Hapa, biracial, multiracial, mixed. There are many names people call me here in America. In Japan, where I grew up, people call me “ha-fu,” or “half”, because my mother is Japanese and my father is European American. But am I, and those who are mixed race in Japan, not full Japanese because we don’t look like standard Japanese people? I am a Japanese citizen, and my first language is Japanese. I consider myself to be both American and Japanese. I’m not only half of a country.
Ariana Miyamoto, Miss Japan 2015, is considered to be only “half” Japanese to some people. Her father is African-American and her mother is Japanese. She is the first mixed-race woman to win the title. She grew up in Japan, speaks the language and is a citizen. What more does she need to do to be considered “Japanese”? From my point of view, there is no question that Ariana is Japanese.
Started in 2009 by artist Jake Parker, it has since grown into a worldwide event.
At this point, many popular artists have created their own iterations of the basic prompt. Like @missupacey ‘s Witchtacular or @lyfeillustration ‘s Goddess Lyfeink16.
This year I have been following many of these artists working through Instagram. I also happen to just browse the art the rest of the world is doing.
It has, thus far, been a really really cool experience because no matter the level of art experience, people who like art are united for a whole month.
The best part is that since it is a self challenge, there aren’t really any hard and fast rules. The art is really up to the artist, they can choose to follow a prompt for all 31 days, parts of a prompt, no prompt, or only certain days.
While I don’t consider myself an artist per say, I do really enjoy art, so I decided to take part in the challenge.
It has been an amazingly eye-opening experience so far.
While I hold no candle to the likes of @missupacey or @lyfeillustration, I have found that I have grown so much in technical ability and ability to translate my creative vision into an actual tangible image.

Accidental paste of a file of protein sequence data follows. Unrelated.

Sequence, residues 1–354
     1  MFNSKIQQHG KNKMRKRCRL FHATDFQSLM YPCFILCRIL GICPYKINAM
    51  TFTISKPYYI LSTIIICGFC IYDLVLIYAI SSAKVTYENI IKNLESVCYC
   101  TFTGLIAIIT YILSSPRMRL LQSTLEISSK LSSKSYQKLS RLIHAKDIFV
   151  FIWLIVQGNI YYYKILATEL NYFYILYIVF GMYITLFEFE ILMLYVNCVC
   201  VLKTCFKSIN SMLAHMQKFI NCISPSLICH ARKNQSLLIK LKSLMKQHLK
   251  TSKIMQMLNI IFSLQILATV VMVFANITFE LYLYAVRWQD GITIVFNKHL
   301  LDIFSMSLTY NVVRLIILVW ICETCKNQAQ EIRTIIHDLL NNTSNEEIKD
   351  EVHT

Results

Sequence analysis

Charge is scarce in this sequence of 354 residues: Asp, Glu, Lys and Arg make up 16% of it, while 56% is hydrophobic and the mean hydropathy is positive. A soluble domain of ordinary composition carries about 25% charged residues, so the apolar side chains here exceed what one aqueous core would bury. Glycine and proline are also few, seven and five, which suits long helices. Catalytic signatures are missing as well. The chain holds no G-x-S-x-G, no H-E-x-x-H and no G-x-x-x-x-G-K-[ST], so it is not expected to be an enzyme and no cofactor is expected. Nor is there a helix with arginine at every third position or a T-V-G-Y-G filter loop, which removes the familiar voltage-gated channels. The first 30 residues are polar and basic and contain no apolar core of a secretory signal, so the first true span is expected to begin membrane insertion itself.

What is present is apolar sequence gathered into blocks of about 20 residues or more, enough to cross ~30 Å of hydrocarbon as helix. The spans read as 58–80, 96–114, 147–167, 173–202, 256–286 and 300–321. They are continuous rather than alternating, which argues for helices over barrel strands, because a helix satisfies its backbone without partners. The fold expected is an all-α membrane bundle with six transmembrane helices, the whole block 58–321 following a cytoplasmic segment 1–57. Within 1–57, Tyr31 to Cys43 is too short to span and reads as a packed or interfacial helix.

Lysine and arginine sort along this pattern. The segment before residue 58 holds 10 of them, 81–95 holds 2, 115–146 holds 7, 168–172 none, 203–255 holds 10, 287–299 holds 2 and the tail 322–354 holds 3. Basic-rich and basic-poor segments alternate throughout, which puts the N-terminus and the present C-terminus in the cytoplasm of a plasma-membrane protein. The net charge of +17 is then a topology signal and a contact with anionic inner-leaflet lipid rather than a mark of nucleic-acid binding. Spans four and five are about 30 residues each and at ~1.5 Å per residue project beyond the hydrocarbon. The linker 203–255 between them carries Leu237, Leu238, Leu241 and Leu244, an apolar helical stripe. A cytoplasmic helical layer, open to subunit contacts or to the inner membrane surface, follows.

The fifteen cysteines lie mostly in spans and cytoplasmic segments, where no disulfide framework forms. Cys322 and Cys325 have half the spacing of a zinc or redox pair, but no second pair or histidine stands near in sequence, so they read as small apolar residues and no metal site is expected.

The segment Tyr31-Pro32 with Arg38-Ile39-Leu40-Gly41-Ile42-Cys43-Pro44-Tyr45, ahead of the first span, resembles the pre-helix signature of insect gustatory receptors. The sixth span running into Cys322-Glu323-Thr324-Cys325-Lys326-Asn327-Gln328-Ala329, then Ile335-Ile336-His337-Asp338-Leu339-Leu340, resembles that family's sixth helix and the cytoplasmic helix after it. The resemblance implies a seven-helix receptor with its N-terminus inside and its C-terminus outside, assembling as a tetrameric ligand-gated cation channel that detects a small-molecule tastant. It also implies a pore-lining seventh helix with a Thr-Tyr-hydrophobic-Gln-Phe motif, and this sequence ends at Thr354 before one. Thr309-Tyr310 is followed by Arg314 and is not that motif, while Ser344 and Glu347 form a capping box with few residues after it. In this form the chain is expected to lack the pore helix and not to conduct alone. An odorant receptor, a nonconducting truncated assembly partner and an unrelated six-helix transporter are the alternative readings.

But most importantly, since starting (a day late albeit) I am finding that I feel happier.
I have a bad habit of reading a lot of good books very quickly. I’ll pick one up and think hmm seems interesting enough and then all of a sudden my Saturday is gone. I realize that somehow I am now reading in the dark.
So, it’s January.
The last word has been read, the cover closed and I want the rest of the story right then and there instantly in my hands. Forget food or anything else. After a cursory search of my shelves I realize I don’t have the second, third, fourth, tenth, or umpteenth book. My heart breaks.
In point two seconds my phone is in hand as I research the next book.
I religiously read the description hoping to glean just a little bit of information before my greedy fingers move to order it.
I move the mouse down till I find the order button.
My heart more than breaks it is razed, obliterated, ground into nothingness.
Receive order on November 2.
I slide out of my seat into a puddle on the floor. The middle of the school year. I can’t help but think, I’ll bet a million bucks I’ll have a calc test to study for, and goodness knows how much other homework.
So I give up, I order it and put it on my shelf to look at me and shake it’s head in disappointment. Every once in a while I’ll look up at it like a scolded kid as I try to figure out the slope of a tangent line before it costs me my grade the next day.
Music is the most powerful of weapons. It is a loaded gun to your mind and you pull the trigger when you press play. The beat is the rounds going BANG, BANG, BANG. The feeling you get, the euphoric experience you get whilst listening to that song is the bullet piercing the depths of your mind, the target.